World is producing more cereals than fruits, vegetables than needed to meet populatons' nutrition needs; this has consequnces for land and ecosystem
If the world continues to produce food crops in a business-as-usual scenario, then nutritional requirements of each individual are unlikely to be met.
The world currently overproduces grains, fats and sugars, and not enough fruits, vegetables and protein to meet the nutritional needs of the current population, finds a recent global study conducted by the University of Guelph.
At present, the available calories are likely to be about 2,200 kilocalories per person per day, which is sufficient for the world’s current population. However, when global production is divided into different food groups, a different picture emerges.
According to the study published in PLOS ONE, the world now produce 12 servings of grains per person instead of the recommended eight; five servings of fruits and vegetables instead of 15; three servings of oil and fat instead of one; three servings of protein instead of five; and four servings of sugar instead of none. "What we are producing at a global level is not what we should be producing according to nutritionists," said Fraser, the co-author of the study.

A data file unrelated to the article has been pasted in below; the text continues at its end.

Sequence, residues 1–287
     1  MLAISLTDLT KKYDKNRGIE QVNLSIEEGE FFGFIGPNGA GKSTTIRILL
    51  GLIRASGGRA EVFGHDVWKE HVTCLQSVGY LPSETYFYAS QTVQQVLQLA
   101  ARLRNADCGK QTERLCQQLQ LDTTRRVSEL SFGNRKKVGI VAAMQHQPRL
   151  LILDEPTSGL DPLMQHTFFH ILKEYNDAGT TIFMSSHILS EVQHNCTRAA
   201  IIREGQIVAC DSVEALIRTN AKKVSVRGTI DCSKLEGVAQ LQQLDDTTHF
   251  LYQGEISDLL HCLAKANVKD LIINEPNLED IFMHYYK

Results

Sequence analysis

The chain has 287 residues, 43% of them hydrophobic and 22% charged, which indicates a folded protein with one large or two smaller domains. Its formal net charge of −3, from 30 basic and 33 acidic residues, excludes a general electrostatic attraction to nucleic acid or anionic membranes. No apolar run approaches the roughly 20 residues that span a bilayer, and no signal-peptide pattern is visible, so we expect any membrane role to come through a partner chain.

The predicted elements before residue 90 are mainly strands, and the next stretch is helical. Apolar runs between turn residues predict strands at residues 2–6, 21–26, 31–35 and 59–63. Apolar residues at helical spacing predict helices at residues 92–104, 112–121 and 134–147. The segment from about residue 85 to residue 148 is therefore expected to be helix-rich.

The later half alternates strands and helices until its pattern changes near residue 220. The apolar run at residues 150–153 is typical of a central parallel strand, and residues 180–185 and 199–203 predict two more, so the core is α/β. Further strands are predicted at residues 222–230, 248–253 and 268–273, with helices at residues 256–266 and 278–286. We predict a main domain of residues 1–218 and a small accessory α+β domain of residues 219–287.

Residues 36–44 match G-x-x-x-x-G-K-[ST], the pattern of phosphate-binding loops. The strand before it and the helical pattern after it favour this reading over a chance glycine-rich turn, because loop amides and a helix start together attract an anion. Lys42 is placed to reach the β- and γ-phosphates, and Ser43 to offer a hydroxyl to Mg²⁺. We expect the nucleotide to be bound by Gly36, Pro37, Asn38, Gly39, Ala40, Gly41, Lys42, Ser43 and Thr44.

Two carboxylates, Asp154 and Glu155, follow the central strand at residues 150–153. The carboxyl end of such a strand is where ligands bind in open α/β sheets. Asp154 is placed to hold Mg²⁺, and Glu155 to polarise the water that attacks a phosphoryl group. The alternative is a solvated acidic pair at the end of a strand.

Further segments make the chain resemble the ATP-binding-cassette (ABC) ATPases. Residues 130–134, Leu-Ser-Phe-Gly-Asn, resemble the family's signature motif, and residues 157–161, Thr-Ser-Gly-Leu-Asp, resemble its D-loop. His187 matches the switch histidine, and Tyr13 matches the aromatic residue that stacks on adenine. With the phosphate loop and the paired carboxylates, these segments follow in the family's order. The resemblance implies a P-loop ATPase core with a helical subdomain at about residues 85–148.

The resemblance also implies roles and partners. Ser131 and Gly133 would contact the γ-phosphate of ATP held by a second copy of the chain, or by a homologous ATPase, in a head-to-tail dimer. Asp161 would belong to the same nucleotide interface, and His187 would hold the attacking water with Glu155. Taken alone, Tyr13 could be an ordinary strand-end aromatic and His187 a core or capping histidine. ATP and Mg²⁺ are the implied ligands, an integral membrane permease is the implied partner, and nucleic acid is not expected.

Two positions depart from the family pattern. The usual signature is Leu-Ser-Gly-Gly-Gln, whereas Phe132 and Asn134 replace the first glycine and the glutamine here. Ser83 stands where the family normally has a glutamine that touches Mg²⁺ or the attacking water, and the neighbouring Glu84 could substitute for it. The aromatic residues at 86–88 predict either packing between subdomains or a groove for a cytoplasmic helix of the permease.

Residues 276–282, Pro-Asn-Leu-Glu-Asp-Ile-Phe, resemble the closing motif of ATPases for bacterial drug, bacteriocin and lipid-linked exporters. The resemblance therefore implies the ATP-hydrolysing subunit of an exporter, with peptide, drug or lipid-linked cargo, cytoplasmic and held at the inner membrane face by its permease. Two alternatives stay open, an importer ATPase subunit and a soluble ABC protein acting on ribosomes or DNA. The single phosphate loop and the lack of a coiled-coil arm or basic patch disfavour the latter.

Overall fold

How the study was done
This study calculated the number of servings per person on the planet for each food group based on Harvard University’s “Healthy Eating Plate” guide, which recommends that half of our diet should consist of fruits and vegetables; 25 per cent, whole grains; and 25 per cent, protein, fat and dairy.
Since carbohydrates are relatively easy to produce and can feed many people, developing countries focus on growing grains, said Krishna KC, lead author of the study and research scientist in the Department of Geography, Environment and Geomatics.
He said developed countries have subsidised grain and corn production for decades in order to become self-sufficient and to establish global leadership in their production. These countries have also spent far more money on research and innovation for these crops than for fruits and vegetable.
The craving for food rich in fat, sugar and salt which tastes good is also another factor due to which grain production was prioritised over fruits and vegetables.
Fruits, vegetables production ensure ecological benefits
Prioritising fruits and vegetables over grains is good for nutrition. Besides, it will help to meet the Sustainable Development Goals. A shift in a diet rich in fruits and vegetables will not just be nutritious, but will also need less land required to feed the growing population, says the study. Shifting production to match nutritional dietary guidelines would require 50 million fewer hectares of arable land, because fruits and vegetables take less land to grow than grain, sugar and fat.
In a business as usual scenario in the global agricultural production system, feeding 9.8 billion people will require 12 million more hectares of arable land and at least one billion more hectares of pasture land, said Fraser.
Reduction in agricultural land use with focus on fruits and vegetables could contribute to biodiversity conservation and will also enhance ecosystem services, thus helping meet the Sustainable Development Goals says the study.
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